Army's Ground Combat Vehicle

What is it'

The U.S. Army Ground Combat Vehicle (GCV) effort is part of a holistic Army plan to modernize its combat fleet. This includes incorporating mine-resistant ambush protected (MRAP) vehicles into the fleet while modernizing current vehicle fleets including Stryker. The first ground combat vehicle will be an Infantry Fighting Vehicle

What has the Army done'

On Feb. 25, the Army released a request for proposals (RFP) for the technology development phase of the GCV. The GCV acquisition program will follow Department of Defense best acquisition practices and be a competitive program with up to three contract awards. Prior to the release of the RFP, the Army engaged with industry through a series of industry days to inform them of the government's intent for GCV development and gain feedback from potential contractors about GCV. The Army received significant feedback on requirements, growth, training and the program at large thereby informing the requirements process and indicating the potential for a competitive contracting environment. Also, as part of the formal process, the Army has made a Manned Ground Vehicle (MGV) "Body Of Knowledge" available to industry in order to capitalize on the technological gains --and money spent - during the eight-year development of the now-canceled MGV program. Specific requirements such as weight have not been set. Instead, the Army is allowing industry to propose the best solution to meet the requirements.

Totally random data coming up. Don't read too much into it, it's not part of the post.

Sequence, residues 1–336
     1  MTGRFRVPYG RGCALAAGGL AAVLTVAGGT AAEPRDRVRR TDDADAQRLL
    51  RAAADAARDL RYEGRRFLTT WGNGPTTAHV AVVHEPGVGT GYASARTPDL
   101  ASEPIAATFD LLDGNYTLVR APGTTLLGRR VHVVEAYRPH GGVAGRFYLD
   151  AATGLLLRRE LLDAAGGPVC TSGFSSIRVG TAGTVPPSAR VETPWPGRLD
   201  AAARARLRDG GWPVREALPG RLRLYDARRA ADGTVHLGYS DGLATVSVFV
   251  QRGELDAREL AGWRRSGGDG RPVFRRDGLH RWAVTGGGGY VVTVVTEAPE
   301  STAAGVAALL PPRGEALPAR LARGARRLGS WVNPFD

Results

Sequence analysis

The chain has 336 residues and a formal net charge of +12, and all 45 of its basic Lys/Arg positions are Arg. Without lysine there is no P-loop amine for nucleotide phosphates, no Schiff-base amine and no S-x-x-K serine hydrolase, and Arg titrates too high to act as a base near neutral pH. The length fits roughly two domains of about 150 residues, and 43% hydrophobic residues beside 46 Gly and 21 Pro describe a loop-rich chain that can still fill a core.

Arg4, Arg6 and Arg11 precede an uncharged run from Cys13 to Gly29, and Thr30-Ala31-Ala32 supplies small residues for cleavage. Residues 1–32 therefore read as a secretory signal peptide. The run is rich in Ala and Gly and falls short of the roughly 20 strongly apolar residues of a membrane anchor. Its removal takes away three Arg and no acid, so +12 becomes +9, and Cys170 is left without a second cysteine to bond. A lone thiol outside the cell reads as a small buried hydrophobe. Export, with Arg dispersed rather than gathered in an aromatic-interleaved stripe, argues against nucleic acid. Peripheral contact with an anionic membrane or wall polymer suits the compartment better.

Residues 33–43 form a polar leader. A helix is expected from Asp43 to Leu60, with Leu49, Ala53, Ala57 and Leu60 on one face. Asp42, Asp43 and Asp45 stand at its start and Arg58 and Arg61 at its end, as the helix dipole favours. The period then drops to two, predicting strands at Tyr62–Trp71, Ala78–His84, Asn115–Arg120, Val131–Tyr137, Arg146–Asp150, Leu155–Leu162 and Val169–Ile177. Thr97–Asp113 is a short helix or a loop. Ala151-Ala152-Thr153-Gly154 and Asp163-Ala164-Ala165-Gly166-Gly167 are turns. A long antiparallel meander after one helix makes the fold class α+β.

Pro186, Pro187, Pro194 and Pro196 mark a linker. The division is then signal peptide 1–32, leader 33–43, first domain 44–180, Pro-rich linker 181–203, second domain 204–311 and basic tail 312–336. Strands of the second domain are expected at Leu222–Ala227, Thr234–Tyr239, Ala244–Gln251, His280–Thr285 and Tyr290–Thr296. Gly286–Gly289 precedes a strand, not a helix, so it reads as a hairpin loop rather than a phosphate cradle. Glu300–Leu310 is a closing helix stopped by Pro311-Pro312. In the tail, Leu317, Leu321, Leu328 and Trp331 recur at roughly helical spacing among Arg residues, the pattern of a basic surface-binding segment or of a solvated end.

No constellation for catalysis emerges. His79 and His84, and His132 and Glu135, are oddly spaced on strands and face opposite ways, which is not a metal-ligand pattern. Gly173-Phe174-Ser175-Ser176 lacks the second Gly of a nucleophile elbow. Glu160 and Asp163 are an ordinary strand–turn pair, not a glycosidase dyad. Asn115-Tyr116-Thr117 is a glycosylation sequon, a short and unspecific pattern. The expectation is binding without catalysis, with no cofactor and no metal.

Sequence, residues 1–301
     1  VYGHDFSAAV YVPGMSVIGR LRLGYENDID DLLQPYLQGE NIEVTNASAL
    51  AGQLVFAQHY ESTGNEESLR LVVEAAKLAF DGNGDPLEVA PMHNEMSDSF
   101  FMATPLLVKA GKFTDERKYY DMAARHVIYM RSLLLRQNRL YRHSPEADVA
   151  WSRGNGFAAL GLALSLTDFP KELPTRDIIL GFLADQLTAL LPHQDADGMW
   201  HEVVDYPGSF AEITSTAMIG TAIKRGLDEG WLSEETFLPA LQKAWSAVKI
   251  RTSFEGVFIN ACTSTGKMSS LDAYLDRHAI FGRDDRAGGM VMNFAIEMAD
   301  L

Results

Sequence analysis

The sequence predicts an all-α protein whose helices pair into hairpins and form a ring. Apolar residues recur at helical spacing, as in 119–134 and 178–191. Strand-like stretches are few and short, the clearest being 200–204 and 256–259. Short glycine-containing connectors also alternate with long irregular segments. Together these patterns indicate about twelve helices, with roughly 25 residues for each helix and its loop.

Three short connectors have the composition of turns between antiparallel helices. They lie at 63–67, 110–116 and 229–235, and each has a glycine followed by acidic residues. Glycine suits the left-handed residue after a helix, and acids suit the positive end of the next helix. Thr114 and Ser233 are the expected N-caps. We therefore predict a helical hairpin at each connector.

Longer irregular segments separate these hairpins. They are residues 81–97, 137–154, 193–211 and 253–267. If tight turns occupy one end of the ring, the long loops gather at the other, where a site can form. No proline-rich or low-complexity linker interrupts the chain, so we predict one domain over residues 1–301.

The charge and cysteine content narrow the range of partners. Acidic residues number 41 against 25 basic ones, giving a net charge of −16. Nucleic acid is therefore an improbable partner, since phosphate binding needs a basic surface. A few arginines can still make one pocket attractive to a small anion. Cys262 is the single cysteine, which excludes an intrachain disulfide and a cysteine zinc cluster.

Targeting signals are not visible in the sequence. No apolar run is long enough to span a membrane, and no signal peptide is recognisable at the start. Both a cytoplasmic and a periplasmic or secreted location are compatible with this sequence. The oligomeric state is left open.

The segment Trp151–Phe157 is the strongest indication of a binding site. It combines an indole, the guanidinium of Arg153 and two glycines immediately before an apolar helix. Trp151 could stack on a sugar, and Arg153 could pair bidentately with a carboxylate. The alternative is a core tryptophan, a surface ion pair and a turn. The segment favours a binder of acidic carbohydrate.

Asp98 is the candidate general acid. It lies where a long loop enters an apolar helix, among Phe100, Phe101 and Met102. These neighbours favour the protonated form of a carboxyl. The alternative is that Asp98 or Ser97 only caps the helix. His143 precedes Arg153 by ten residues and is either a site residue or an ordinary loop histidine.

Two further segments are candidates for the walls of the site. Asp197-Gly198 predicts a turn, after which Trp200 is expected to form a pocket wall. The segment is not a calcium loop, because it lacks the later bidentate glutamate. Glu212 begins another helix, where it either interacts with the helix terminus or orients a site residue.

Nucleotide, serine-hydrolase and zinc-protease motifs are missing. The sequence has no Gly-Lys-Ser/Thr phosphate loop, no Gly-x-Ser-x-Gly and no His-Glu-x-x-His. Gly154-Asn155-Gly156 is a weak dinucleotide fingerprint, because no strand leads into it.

What continued efforts does the Army have planned for the future'

Once proposals from industry are received, the Army will enter source selection process and intends to award up to three technology development contracts by the fourth quarter of this year, marking a roughly 27-month period in which to test and mature subcomponents and other material elements of the designs prior to a milestone B, or prototyping phase, in 2015.

Why is it important to the Army'

The GCV will address capability gaps of mobility, information sharing for mounted and dismounted Soldiers on the move. It will offer a highly survivable platform and is the first vehicle designed from the ground up to operate in an improvised explosive device (IED) environment. It is envisioned to have greater lethality and ballistic protection than a Bradley, greater IED and mine protection than an MRAP and the cross country mobility of an Abrams.


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